Some things to do:
Do email me with questions! Do add your comments to my edits! Do interact with me and tell me your goals for the piece—especially if you think mine are different! Do remember that it is your piece and your choices in the end!
And Do trust your editor. At least give him or her the benefit of the doubt in the beginning.
The truth is that most editors (all that I know) edit because they enjoy it. I love working with authors to make their pieces the best they can be. There’s nothing so great as seeing a project I’ve worked on come together in a lovely way. My goal is to help authors write great pieces so they can be proud of them and, yes, make a little cash, too.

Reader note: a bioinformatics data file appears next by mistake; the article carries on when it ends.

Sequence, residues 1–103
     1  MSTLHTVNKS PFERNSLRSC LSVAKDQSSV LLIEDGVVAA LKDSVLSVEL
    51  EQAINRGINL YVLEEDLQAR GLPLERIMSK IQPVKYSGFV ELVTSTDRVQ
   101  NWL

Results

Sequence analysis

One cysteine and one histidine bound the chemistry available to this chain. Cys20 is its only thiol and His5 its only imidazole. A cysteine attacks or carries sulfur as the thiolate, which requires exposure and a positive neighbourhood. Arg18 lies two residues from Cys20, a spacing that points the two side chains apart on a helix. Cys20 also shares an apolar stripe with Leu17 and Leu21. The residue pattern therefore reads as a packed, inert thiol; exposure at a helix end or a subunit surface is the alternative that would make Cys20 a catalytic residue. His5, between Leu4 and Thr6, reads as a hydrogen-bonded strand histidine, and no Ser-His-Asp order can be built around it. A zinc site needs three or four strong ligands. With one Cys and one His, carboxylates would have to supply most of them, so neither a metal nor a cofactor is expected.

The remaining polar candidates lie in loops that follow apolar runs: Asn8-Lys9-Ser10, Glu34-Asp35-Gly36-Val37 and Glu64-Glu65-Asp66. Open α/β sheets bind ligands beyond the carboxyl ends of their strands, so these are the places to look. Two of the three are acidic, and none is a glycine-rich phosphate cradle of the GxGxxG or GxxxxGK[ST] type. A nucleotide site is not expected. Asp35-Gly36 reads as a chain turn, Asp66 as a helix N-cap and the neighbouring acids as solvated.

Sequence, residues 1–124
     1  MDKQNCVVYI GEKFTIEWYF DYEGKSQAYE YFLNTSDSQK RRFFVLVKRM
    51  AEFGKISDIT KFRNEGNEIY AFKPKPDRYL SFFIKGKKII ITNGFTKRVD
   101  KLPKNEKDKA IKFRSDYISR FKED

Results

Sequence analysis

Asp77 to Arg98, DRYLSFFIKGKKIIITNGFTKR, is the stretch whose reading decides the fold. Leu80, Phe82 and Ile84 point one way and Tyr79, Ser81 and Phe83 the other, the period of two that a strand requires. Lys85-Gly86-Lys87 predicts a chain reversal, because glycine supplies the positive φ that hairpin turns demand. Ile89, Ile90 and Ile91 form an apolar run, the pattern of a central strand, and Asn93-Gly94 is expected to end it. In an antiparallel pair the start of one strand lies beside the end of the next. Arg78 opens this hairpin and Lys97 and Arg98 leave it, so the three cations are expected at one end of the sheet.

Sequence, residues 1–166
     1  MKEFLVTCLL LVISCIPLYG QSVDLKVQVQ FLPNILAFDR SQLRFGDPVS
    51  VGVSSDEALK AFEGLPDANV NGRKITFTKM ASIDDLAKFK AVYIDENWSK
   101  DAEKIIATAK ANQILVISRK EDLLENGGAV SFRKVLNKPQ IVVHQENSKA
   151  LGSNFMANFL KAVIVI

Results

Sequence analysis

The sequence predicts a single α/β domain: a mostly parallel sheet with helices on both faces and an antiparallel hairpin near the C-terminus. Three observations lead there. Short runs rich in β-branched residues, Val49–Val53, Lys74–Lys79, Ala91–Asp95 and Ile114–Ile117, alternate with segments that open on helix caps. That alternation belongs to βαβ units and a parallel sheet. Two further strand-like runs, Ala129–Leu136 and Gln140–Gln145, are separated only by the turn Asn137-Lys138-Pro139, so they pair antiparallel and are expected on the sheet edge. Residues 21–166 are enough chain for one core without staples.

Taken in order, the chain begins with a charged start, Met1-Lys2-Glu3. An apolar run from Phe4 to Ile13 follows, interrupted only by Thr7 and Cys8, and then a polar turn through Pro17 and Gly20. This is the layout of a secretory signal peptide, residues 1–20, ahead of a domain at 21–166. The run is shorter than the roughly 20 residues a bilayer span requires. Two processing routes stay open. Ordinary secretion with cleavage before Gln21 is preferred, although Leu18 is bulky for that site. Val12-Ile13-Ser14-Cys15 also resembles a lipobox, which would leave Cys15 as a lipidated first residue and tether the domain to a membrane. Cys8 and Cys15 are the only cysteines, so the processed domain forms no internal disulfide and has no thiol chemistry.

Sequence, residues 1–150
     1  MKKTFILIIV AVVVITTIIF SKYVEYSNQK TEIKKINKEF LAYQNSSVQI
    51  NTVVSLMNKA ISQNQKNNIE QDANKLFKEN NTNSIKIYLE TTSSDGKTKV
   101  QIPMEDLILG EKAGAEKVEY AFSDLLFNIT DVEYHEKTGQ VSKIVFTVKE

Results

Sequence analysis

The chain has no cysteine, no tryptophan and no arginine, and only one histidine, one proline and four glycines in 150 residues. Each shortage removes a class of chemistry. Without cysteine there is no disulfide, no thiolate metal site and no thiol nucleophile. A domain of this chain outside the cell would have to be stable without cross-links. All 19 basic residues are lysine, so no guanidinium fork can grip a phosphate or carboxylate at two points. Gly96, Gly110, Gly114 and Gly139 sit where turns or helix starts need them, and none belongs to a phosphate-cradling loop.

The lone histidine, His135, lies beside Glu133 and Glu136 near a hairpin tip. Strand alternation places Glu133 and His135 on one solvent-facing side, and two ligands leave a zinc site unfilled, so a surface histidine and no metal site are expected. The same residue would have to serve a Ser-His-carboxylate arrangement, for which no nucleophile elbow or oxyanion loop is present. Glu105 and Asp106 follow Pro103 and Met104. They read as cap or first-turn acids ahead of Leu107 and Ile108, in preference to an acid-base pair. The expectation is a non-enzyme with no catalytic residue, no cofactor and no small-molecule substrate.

I encourage folks interested in writing or reading erotica to check out Breathless Press: www.breathlesspress.com. Some authors I’ve recently worked with include DC Juris, Doris O’Connor, and Sable Grey. I encourage you to check out their works! They’re hot!
Check out our submission guidelines. Hot Shots is open until May 31. I’m also happy to answer questions in the comments.